If you’re not fully vaccinated, the CDC recommends testing immediately after finding out you’ve had close contact with someone who has COVID-19. If results are negative, test again 5-7 days after last exposure — or immediately, if symptoms develop.

Serial testing — meaning repeating the test several days earlier before the actual gathering — can help improve accuracy of your results.

Some may choose to quarantine before an event, just as some did last year prior to the COVID-19 vaccine rollout. Quarantining prior to an event probably isn’t necessary for everyone (especially for fully vaccinated individuals). The decision for family/friends to quarantine ahead of time is a personal decision based on individual risk tolerance.

What steps should you follow to ensure you’re doing an at-home COVID-19 test properly?

It’s very important to follow the instructions from the manufacturer carefully. Read through the instructions and be sure you understand prior to opening the test kit. Wash your hands and surfaces before starting the test.

If you don’t swab the nostrils properly, you may end up with a false negative test, so again, follow the instructions in the kit. You may feel uncomfortable swabbing this deeply into your nose or the nose of a loved one, but swabbing is fairly quick, and doing it correctly will improve the likelihood of an accurate test.

What should you do if your at-home COVID-19 test is positive?

If your at-home test is positive, you should notify your health care provider and follow CDC guidelines for quarantine and isolation. It's also important to notify anyone you’ve been in close contact with so they can take the proper steps of testing and quarantine to help limit the spread of infection to others.

Does a negative home test mean you’re in the clear?

If you followed the instructions of the test carefully and you get a negative result, it’s unlikely that you have COVID-19 at that time. However, there are some circumstances where you may get a false negative result, particularly if you test too early in the course of the infection (when viral load is not as high). If you’re concerned about this, you could repeat the test a few days later.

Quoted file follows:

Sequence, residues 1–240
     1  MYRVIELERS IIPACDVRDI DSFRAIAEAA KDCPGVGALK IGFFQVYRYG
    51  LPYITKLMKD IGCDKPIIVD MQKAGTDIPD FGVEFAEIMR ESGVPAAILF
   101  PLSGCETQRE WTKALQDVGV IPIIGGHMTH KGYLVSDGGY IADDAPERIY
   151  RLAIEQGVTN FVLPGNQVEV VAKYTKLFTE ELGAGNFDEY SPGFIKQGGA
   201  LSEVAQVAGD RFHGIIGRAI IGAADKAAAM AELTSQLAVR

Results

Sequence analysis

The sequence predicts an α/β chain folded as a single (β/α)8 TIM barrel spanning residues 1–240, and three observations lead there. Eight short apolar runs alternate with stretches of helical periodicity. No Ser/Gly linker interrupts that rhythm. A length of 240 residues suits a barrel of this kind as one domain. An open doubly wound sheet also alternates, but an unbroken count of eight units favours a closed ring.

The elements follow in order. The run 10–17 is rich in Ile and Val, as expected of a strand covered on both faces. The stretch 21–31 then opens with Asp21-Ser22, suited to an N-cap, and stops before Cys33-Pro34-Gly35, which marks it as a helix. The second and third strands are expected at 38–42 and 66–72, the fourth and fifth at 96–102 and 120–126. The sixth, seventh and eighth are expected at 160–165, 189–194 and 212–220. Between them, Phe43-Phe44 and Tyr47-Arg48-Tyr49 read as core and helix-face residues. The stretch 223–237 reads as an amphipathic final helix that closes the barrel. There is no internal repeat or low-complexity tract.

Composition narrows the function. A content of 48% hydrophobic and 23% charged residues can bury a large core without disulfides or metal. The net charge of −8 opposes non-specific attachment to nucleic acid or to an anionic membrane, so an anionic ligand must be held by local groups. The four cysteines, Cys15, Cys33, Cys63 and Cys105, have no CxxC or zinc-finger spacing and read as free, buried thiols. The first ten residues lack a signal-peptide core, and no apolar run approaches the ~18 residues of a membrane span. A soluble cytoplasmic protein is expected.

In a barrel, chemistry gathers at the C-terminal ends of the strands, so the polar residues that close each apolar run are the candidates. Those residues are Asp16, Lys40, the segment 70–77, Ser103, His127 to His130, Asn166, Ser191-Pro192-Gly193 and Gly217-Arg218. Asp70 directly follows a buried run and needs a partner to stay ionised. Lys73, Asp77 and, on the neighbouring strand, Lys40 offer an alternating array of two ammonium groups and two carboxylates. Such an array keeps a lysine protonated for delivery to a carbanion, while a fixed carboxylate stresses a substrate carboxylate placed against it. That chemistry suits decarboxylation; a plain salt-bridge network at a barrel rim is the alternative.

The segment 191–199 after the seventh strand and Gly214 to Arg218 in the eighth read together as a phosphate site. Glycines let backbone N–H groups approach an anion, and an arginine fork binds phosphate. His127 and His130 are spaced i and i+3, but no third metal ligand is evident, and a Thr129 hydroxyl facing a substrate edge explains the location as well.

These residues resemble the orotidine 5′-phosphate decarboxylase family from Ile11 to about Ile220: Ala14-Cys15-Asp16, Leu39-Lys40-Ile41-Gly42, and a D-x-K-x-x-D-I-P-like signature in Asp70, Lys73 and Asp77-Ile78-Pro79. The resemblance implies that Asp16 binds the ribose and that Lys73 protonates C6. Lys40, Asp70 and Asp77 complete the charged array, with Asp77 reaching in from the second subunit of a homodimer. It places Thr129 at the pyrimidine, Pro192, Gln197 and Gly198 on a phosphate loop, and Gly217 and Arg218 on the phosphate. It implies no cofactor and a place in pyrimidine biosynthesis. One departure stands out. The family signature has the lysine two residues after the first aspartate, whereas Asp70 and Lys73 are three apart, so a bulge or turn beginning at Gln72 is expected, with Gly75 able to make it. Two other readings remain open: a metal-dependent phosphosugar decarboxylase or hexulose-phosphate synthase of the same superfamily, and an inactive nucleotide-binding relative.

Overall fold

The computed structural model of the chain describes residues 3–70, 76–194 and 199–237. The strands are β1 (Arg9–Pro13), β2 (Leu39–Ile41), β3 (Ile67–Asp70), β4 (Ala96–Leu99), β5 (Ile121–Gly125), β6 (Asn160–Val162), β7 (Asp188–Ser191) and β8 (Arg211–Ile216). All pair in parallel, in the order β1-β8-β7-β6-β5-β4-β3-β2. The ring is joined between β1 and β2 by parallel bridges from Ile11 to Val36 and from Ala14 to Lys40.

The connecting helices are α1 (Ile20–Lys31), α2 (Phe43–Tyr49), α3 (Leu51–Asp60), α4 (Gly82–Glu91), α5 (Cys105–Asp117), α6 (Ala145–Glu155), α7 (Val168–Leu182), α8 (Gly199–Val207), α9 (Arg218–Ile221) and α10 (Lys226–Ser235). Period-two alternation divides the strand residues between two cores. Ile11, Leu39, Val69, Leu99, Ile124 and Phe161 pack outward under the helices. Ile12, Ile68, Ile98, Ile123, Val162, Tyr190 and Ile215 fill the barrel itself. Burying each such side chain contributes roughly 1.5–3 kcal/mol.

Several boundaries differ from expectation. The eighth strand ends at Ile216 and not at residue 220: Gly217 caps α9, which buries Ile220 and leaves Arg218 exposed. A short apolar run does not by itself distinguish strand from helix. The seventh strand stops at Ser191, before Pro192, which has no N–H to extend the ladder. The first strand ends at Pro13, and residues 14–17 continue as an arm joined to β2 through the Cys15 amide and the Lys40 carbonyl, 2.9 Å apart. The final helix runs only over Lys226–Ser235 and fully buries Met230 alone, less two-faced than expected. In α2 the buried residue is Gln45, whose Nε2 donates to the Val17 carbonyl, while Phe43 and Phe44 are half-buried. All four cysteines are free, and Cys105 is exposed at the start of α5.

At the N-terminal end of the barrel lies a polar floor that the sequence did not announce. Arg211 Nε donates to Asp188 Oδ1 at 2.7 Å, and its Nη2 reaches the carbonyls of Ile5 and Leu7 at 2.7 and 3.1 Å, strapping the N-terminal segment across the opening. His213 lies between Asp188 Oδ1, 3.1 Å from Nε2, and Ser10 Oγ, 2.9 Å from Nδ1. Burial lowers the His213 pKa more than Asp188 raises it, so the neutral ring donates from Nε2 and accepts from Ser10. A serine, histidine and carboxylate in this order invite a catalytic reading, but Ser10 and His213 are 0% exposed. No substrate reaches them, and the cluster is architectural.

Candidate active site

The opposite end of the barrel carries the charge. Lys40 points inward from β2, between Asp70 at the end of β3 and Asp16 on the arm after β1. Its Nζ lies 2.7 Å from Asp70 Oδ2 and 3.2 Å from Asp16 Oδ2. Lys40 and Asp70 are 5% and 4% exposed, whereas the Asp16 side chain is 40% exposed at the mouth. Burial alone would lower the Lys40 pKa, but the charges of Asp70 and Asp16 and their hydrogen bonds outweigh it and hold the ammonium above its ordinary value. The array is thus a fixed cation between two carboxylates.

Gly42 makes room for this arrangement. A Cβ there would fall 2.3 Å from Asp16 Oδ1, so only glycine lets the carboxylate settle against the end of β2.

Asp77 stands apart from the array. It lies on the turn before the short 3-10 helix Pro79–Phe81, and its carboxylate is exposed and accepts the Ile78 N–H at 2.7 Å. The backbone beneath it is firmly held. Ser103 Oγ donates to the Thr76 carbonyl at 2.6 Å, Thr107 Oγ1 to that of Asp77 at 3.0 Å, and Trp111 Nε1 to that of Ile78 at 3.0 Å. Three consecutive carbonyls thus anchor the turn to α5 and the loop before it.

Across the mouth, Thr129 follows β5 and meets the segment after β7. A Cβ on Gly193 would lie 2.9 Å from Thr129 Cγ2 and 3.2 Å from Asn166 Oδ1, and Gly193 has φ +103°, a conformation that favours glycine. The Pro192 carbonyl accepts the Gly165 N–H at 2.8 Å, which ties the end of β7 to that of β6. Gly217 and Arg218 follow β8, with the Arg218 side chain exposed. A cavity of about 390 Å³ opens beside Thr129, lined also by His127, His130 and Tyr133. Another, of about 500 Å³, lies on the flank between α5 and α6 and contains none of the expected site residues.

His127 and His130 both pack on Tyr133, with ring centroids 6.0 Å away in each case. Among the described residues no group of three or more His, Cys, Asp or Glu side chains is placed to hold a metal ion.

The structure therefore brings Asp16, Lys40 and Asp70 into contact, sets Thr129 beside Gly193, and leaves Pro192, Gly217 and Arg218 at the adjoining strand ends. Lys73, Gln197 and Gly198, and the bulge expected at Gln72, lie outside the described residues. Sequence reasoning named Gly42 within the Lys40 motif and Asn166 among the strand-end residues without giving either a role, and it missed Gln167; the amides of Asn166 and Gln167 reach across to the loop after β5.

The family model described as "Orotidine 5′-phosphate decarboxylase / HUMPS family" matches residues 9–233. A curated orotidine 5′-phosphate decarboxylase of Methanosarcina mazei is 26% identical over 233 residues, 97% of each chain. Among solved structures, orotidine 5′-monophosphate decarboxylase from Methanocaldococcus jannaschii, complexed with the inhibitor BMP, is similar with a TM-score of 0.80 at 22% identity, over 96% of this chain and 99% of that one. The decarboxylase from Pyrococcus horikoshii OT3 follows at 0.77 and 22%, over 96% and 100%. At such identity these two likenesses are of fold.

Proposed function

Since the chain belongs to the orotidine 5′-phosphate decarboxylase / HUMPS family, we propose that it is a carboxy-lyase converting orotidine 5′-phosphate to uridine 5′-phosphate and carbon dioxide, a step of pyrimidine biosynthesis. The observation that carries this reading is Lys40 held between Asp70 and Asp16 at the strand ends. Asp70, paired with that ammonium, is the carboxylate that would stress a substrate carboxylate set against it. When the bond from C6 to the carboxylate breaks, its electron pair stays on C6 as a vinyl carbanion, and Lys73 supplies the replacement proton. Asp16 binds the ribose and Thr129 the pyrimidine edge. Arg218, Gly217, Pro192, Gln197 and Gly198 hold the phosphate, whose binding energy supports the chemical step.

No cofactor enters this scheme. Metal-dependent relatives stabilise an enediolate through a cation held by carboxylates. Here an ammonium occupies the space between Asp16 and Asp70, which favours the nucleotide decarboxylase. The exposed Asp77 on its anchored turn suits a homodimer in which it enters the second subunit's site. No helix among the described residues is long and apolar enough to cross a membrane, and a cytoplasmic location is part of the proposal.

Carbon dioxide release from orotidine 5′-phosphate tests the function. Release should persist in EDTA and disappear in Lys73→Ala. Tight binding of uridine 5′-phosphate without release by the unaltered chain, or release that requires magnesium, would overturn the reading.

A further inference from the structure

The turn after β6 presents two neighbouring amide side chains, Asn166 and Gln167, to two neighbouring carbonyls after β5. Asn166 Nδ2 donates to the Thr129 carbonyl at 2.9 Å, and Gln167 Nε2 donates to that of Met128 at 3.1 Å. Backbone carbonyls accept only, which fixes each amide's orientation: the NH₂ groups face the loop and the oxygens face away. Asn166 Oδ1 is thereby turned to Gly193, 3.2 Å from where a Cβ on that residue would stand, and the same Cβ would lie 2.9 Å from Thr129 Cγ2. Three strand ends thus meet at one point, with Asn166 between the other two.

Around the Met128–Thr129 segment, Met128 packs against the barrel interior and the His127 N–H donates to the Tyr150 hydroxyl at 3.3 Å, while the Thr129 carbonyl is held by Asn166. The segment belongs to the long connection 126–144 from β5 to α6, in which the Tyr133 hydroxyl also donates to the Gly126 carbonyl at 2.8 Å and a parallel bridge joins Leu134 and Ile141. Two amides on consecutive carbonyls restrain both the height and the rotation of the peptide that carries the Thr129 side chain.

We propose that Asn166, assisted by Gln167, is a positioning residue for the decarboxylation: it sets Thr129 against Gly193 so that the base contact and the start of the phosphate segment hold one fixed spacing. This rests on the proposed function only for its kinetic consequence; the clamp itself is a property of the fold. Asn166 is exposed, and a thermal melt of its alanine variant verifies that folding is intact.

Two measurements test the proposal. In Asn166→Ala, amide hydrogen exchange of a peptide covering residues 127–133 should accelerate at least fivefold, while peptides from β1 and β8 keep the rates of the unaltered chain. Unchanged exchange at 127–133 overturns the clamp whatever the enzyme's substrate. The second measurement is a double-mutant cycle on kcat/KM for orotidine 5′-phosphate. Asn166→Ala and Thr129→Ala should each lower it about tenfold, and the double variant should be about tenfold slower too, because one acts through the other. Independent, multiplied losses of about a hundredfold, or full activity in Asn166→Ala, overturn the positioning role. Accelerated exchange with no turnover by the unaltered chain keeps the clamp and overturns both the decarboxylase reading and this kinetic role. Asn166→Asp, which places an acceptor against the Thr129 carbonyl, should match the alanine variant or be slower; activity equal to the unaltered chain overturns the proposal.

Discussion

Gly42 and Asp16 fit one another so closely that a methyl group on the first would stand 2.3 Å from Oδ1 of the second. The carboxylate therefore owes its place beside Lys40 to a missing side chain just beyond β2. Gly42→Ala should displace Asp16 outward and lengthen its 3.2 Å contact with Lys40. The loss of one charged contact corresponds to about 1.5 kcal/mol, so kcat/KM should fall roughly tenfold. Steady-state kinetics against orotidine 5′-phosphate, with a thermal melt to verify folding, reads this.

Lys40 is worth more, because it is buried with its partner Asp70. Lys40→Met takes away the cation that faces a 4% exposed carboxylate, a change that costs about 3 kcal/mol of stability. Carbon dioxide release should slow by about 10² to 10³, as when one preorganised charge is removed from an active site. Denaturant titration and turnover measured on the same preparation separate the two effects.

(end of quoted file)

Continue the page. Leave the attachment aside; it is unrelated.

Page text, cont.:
How much do at-home tests cost? What if you can’t afford the cost?

COVID-19 rapid tests cost roughly $20 to $40. If you can't afford the cost of an at-home test, free COVID-19 testing is available at multiple locations. Some public libraries and local public health organizations have free COVID-19 rapid tests available for the public.

Other useful tips to keep in mind before gathering together this year:

Get your flu shot. COVID-19 isn’t the only contagious respiratory virus. There’s also the flu. The CDC has reported an uptick in flu cases as the flu season begins, even though overall national cases are down. Yes, it’ is possible to contract both COVID-19 and the flu at once, which would be a double whammy.

Unvaccinated guests should wear masks. Those who haven't been fully vaccinated should wear well-fitting masks, and if weather permits, consider celebrating outdoors. Outside events are generally safer than indoor ones.

If you’re sick, stay home. It’s not worth taking a chance to infect your loved ones if you’re unwell.

What to keep in mind with the omicron variant

There’s still a lot we don't know about the omicron variant, including:

• Whether it’s more transmissible

• If there’s increased disease severity

• How effective the vaccine will be against it

We’ll likely have a lot more data about this in the coming weeks, so my advice is to be prepared to be flexible with holiday plans. Get your COVID-19 vaccine as soon as possible, because the delta variant is still widespread in the U.S. and we know the vaccine is highly protective against it.

Ashley Lipps is an infectious diseases physician at The Ohio State University Wexner Medical Center and an assistant professor in the Division of Infectious Diseases at The Ohio State University College of Medicine.